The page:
On the morning of 5 November Air France-KLM announced that, following "national and international information" and "out of precaution", it would not allow hold baggage on its flight out from Cairo that day, causing over half of the booked passengers to refuse to fly.[88] There were an estimated 20,000 British citizens in Sharm el-Sheikh on 5 November, almost half of whom were on holiday and stranded by the cancellation of flights.[89][90] There was soon a decision to allow flights again to UK, from 6 November, to enable people to travel home, but with restrictions and increased security measures. Repatriation flights to the UK were organised by airlines and tour operators in liaison with the UK government. Passengers would be permitted to travel home with only hand luggage, with hold luggage to be returned following a more stringent screening process.[91] British officials at the airport provided extra security and approved planes as safe to travel.[90]

Russian President Vladimir Putin announced on 6 November that all Russian flights to and from Egypt would be cancelled.[92][93][94] Most British airlines serving the resort sent repatriation flights out to the resort in order to bring stranded British tourists back to the United Kingdom. On the afternoon of 6 November, Egyptian authorities placed restrictions on the number of flights due to overcrowding in the terminals; as a result only eight of the planned 29 repatriation flights were able to leave on the day with various flights forced to divert or return to the UK whilst in the air.[95][96]

By 8 November about 11,000 Russian tourists and about 5,300 British tourists had been flown back from the resort.[97][98]

International reactions
Russia[edit]
On 1 November 2015, the Government of Russia grounded all the A321 aircraft flown by Kogalymavia. The Russian news agency Interfax reported that the Russian transport regulator, Rostransnadzor, had requested Kogalymavia to stop flying its A321 aircraft until the cause(s) of the crash had been identified.[99] The Russian government also withdrew certification of a competing American-built airliner, the Boeing 737 (including 737 Classic and 737 Next Generation).[100]

Maria Zakharova, a spokeswoman for the Russian Foreign Ministry, stated that the Russian Embassy was following the events.[45] President Putin declared 1 November to be a national day of mourning in Russia.[101]

Egypt
Egyptian Prime Minister Sherif Ismail cancelled his meetings upon hearing news of the crash.[31] He was on his way to the crash site along with other ministers on a private jet, according to the Tourism Ministry.[36]

Ireland
The Republic of Ireland, as the state of aircraft registry, made an offer of assistance which was accepted by the Egyptian accident investigation authorities for the Irish Air Accident Investigation Unit (AAIU) of the Department of Transport, Tourism and Sport to send a team consisting of an Operations/Pilot Inspector, an Engineering Inspector and a Regulatory/Operations Adviser from the Irish Aviation Authority (IAA) to assist in the investigation. The team flew out on Irish military aircraft on 2 November.[102]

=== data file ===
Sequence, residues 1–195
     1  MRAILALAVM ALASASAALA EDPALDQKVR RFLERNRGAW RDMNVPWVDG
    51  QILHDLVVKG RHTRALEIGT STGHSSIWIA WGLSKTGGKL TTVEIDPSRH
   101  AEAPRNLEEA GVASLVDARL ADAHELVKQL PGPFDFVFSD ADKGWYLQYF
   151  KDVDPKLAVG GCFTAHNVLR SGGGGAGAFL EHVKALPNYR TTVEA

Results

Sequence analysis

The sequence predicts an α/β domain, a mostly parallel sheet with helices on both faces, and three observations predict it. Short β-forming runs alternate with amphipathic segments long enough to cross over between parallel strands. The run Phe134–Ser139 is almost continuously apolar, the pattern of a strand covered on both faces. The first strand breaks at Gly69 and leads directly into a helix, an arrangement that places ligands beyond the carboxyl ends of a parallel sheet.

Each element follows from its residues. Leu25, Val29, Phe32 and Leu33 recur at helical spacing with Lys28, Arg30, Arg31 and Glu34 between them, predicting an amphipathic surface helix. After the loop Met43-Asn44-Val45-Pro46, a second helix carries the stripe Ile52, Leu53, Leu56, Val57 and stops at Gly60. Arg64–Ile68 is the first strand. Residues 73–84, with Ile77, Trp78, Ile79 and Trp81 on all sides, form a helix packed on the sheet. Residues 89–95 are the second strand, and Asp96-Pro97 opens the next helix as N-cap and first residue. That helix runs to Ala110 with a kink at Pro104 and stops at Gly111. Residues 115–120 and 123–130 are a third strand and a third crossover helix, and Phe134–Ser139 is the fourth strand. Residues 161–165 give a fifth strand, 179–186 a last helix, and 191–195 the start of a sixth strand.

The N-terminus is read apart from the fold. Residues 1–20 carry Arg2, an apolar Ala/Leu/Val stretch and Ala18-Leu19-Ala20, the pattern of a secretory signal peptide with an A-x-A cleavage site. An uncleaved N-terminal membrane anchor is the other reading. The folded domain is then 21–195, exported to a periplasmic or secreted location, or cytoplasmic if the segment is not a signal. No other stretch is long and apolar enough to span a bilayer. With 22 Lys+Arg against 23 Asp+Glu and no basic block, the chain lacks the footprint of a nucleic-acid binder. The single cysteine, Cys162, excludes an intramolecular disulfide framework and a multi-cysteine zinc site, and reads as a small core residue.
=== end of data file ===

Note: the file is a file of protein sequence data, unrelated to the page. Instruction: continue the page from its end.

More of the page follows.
Israel
Israel has a border with the Sinai peninsula, and offered to assist Russia and Egypt with surveillance if needed.[103]

United Kingdom
British intelligence became involved in the investigation.[when?][82] The UK government sent extra consular staff and half a dozen military planners to Egypt.[104] Egyptian President al-Sisi met British Prime Minister Cameron in London.[105] At a joint press conference with Cameron, President Sisi said Egypt would cooperate on improved security measures at Sharm el-Sheikh airport.[104] Cameron and Russian President Putin also discussed the investigation into the crash.[104] On 5 November, the government sent diplomatic staff including British embassy staff and FCO Rapid Deployment Teams to Sharm El Sheikh airport to help British nationals home.[106]

Airbus
Airbus posted a note on Twitter that announced it was "aware of the media reports" and that it would issue more "information as soon as available."[36] They also released a statement on their website confirming the aircraft's MSN and engine configuration.[107]

See also
Accidents and incidents involving the Airbus A320 family
List of accidents and incidents involving commercial aircraft
List of aircraft accidents and incidents resulting in at least 50 fatalities
Samsung Galaxy S5 Vector.svg2010s portal Aviacionavion.pngAviation portal SanFranHouses06.JPGDisasters portal Flag of Egypt.svgEgypt portal Flag of Russia.svgRussia portal
Notes[edit]
Jump up ^ The previous deadliest Russian/Soviet air disaster was the crash of Aeroflot Flight 7425 in the Uzbek SSR (Uzbekistan) in 1985, in which 191 passengers and 9 crew died.
Jump up ^ The previous deadliest air disaster in Egyptian airspace was the crash of Flash Airlines Flight 604 shortly after takeoff from Sharm el-Sheikh in 2004. All 148 aboard were killed.
Jump up ^ The previous deadliest air disaster involving the Airbus A320 family was the crash of TAM Airlines Flight 3054 in São Paulo, Brazil in 2007,and which killed 199 people and also the second fatal accident involving an Airbus A321 surpassing AirBlue Flight 202 in which killed 152 people.
Jump up ^ The previous deadliest 2015 air disaster was the murder-suicide of Germanwings Flight 9525 that crashed in the French Alps, which killed all 150 aboard.
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Jump up ^ Graph based on CSV file published at: http://www.flightradar24.com/blog/crash-of-metrojet-flight-7k9268/
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Jump up ^ "По предварительным данным Посольства в Египте, среди погибших при катастрофе российского авиалайнера один гражданин Беларуси". МИД Беларуси. 31 October 2015. Retrieved 31 October 2015.
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^ Jump up to: a b ""Он сделал все возможное": бывшая жена погибшего пилота A321 не винит его в катастрофе" ["He did everything possible": former wife of the deceased A321 pilot does not blame him in the crash] (in Russian). NTV. 31 October 2015.